Here's our weekly idea gathering wrap ups of some of our favorite customer experience strategy, design and alignment news and views:
Given their recent appearance in the news this week our topic is mergers and acquisitions.
Within the last month several big names have announced mergers and acquisitions including Berkshire Hathaway acquiring Heinz Food, US Airways and American Airlines seeking to merge, and Office Depot merging with Office Max.
Inc Magazine reported that large companies spent a total of 84 billion last year alone in acquisitions of smaller companies with the top five being Facebook, Google, Groupon, Twitter, and Cisco respectively. For many companies making acquisitions is just part of their corporate strategy, and for many more being acquired is their strategy.
Mergers and acquisitions can often be long drawn out affairs depending on the sizes of the companies, and can certainly be a headache for all parties involved. However, despite the difficulties that businesses ma face during a merger and acquisition it’s crucial that they don’t lose sight of the most important thing: the customer.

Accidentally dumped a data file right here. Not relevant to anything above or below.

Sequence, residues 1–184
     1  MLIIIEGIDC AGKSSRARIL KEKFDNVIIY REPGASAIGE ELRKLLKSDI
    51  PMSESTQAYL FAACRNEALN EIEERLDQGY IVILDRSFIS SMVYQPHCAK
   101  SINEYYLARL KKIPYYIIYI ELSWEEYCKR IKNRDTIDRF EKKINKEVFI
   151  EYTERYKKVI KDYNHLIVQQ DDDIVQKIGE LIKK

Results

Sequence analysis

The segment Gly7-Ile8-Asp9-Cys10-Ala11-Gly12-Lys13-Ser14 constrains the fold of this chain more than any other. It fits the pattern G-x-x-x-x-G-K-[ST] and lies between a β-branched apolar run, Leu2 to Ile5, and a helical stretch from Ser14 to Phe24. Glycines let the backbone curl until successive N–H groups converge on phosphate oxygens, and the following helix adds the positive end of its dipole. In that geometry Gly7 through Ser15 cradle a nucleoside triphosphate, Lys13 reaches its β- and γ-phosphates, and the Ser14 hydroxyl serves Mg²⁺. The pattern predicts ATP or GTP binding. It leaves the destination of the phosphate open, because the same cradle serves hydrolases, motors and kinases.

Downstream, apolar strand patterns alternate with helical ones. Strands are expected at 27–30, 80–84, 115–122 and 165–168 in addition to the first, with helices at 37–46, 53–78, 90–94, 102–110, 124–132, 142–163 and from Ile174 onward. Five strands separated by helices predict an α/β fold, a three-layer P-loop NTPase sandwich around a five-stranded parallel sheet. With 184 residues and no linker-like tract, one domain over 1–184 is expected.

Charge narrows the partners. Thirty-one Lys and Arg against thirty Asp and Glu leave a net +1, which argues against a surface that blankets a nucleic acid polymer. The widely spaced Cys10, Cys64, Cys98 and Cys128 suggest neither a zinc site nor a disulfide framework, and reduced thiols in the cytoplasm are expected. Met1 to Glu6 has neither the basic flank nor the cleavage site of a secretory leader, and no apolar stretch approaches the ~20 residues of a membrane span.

Many acquired customers are often lost primarily due to poor communication regarding the acquisition process. If it’s a bigger company, customers might hear about the merger or acquisition themselves and immediately fear service or quality changes. With smaller companies the problem often arises when the customer tries to make contact and struggles to find the new department, service, or even company.
It’s the responsibility of all parties involved in a merger or acquisition to re assure the customer that things are going to stay the same, or improve for them. People tend to fear change and a customer finding out that their new provider is some random merger who “acquired” them might be put off. Often mergers and acquisitions mean disruptions in service for customers and strategist guru Joe Lamantia explains in an article on the subject how “Much of the disruption is easily managed in advance by communicating upcoming changes to customers”.
They key of the whole process is communication. American Banker sums it up saying “The value of communicating to strengthen customer retention through the post-acquisition integration process is quite clear.” Keeping customers informed means keeping customers.
ABOUT THE AUTHOR
ABOUT THE AUTHOR
Jeffrey Marino is a contributing writer concentrating his focus on Business Administration, Management Information Systems, and Tech Innovations. He blogs atFordham Nights and can bereached at JMarino@iirusa.com.